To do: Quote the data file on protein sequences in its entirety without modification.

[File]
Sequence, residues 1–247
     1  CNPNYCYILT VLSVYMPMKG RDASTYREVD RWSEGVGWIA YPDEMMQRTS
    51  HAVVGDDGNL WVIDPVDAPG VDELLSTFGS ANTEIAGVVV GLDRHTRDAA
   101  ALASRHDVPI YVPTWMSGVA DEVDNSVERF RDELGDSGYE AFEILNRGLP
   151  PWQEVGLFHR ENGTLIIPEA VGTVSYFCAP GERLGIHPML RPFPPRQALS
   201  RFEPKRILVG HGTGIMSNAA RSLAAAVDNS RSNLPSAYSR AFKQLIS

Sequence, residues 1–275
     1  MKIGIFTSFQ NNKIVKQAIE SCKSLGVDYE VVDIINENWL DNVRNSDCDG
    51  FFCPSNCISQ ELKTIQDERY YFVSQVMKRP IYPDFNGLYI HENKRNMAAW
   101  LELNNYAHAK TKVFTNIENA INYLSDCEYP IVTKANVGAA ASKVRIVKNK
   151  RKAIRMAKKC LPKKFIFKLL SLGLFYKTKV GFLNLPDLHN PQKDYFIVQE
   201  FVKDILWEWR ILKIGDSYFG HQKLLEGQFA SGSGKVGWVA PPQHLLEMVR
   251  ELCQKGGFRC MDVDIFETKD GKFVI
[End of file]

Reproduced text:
Sequence, residues 1–247
     1  CNPNYCYILT VLSVYMPMKG RDASTYREVD RWSEGVGWIA YPDEMMQRTS
    51  HAVVGDDGNL WVIDPVDAPG VDELLSTFGS ANTEIAGVVV GLDRHTRDAA
   101  ALASRHDVPI YVPTWMSGVA DEVDNSVERF RDELGDSGYE AFEILNRGLP
   151  PWQEVGLFHR ENGTLIIPEA VGTVSYFCAP GERLGIHPML RPFPPRQALS
   201  RFEPKRILVG HGTGIMSNAA RSLAAAVDNS RSNLPSAYSR AFKQLIS

Sequence, residues 1–275
     1  MKIGIFTSFQ NNKIVKQAIE SCKSLGVDYE VVDIINENWL DNVRNSDCDG
    51  FFCPSNCISQ ELKTIQDERY YFVSQVMKRP IYPDFNGLYI HENKRNMAAW
   101  LELNNYAHAK TKVFTNIENA INYLSDCEYP IVTKANVGAA ASKVRIVKNK
   151  RKAIRMAKKC LPKKFIFKLL SLGLFYKTKV GFLNLPDLHN PQKDYFIVQE
   201  FVKDILWEWR ILKIGDSYFG HQKLLEGQFA SGSGKVGWVA PPQHLLEMVR
   251  ELCQKGGFRC MDVDIFETKD GKFVI